SF Janitor Who Makes Over $270,000 Caught Hiding in a Closet for Hours at Work

SF Janitor Who Makes Over $270,000 Caught Hiding in a Closet for Hours at Work

February 8, 2017
A San Francisco transit janitor with an arguably excessive salary was caught hiding in a closet for several hours at work. What exactly he does there remains questioned.
Liang Zhao Zhang, tasked to clean the Powell Street station, made at least $270,000 in 2015. On top of his basic pay worth $57,945, the amount included $162,050 in overtime, $14,594 in “other pay” and $36,652 in total benefits.
Overall, Zhang earned $271,243 in 2015 and possibly more in 2016, Transparent California showed. But he’s now under flak following an investigation conducted by local television station KTVU, which noticed that he often visited a storage closet in the station.
Through surveillance footage, KTVU found that Zhang spent as much as 90 minutes in the closet several times in the day. Employer Bay Area Rapid Transit (BART) paid him for a 17-hour workday for a period of 18 consecutive days in July 2015.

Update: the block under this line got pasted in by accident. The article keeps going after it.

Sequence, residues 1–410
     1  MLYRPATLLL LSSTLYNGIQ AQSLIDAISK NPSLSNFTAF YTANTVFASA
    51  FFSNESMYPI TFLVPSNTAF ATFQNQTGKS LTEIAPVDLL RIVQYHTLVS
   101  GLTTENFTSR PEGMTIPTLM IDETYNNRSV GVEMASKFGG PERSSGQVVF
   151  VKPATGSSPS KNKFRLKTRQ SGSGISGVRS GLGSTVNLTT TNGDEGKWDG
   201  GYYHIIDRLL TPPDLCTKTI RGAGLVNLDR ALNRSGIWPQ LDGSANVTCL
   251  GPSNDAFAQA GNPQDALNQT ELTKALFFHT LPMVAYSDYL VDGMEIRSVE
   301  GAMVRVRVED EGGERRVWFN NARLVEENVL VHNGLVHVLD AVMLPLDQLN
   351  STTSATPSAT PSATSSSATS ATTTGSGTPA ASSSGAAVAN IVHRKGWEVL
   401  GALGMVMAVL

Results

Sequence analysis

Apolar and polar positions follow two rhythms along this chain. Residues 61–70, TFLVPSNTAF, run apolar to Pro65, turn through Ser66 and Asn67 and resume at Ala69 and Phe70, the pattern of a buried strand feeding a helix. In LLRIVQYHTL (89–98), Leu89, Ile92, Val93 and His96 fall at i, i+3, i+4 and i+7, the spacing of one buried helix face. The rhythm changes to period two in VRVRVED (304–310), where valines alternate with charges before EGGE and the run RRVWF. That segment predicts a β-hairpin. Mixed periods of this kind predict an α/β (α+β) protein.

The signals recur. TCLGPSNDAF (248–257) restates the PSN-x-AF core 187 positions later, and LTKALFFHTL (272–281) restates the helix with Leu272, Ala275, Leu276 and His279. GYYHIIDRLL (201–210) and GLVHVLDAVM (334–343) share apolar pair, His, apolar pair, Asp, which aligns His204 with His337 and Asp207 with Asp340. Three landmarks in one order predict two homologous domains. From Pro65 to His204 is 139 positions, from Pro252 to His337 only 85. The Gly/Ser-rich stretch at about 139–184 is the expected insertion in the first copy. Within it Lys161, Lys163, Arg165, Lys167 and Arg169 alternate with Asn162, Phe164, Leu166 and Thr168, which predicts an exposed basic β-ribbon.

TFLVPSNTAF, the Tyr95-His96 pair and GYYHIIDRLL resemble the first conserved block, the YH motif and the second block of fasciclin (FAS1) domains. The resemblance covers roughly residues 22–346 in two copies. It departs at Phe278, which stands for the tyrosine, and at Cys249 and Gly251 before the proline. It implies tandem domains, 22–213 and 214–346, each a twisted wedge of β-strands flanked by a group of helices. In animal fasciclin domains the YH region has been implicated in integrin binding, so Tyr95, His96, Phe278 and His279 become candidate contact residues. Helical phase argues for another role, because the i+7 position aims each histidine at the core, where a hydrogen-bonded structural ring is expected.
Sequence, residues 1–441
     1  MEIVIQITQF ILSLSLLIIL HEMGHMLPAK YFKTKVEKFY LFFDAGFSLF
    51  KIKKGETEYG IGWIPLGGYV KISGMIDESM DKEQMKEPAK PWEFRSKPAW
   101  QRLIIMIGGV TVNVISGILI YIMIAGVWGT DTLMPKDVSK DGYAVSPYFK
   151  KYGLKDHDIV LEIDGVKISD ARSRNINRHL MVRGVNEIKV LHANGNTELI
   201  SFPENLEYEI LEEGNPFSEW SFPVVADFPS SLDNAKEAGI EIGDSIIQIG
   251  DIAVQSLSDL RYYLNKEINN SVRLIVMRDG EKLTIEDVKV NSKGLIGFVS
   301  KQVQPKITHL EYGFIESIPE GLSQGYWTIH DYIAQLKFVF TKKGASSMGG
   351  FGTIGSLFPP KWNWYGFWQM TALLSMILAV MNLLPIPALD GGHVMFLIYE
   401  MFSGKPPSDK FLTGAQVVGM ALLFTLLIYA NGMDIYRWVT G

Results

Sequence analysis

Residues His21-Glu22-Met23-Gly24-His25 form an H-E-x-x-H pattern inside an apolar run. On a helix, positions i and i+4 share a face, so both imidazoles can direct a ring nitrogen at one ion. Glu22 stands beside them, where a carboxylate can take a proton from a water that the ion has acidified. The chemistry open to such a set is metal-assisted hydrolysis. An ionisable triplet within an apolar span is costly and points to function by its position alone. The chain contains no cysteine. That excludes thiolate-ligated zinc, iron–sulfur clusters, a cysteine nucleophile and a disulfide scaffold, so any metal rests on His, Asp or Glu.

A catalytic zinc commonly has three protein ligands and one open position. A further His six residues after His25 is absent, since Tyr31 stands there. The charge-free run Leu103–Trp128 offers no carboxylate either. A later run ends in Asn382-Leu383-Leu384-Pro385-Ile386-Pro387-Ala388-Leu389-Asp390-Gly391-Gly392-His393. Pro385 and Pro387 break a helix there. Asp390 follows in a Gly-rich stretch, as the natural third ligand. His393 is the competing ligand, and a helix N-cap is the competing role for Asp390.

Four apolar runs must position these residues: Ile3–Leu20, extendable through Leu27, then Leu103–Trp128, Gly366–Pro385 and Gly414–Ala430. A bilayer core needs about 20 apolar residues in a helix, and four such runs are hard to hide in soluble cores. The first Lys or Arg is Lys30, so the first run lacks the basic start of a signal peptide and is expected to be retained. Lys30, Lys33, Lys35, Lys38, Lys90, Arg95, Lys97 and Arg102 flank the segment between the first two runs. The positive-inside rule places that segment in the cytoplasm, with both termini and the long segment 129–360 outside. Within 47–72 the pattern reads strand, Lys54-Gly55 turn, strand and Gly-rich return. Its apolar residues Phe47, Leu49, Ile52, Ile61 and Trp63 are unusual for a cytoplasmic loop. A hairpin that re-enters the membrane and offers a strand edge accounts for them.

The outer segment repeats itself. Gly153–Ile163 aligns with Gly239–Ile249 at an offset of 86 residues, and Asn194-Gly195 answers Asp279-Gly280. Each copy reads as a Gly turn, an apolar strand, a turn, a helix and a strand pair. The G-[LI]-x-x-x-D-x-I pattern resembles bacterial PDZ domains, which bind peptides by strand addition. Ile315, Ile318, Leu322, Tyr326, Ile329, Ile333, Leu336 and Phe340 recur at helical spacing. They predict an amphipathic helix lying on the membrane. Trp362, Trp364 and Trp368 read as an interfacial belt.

Zhang defended himself by claiming that he was merely taking his lunch break, but BART said employees are only given 30 minutes for meals. His timecard data showed that he worked every day in 2015.
Roy Aguilera, BART’s chief transportation officer, stood by Zhang’s work. He said the latter never refused additional workload. Then there’s also the fact that the janitorial staff spend more time cleaning urine, feces and needles due to the large population of homeless people in the station.
The officer described Zhang:
“People are not raising their hands and saying, ‘I want some of that overtime. He has said yes. He’s worked hard, he’s completed the assignments, so I stand by the work he’s done.”
Meanwhile, Transparent California’s Robert Fellner could not believe Zhang’s pay cheque:
“It’s absolutely outrageous. For janitors that’s obscene! It’s unconscionable.”
Is any janitor worth $270,000 a year?
      Carl Samson

      Carl Samson
      is a Senior Editor for NextShark




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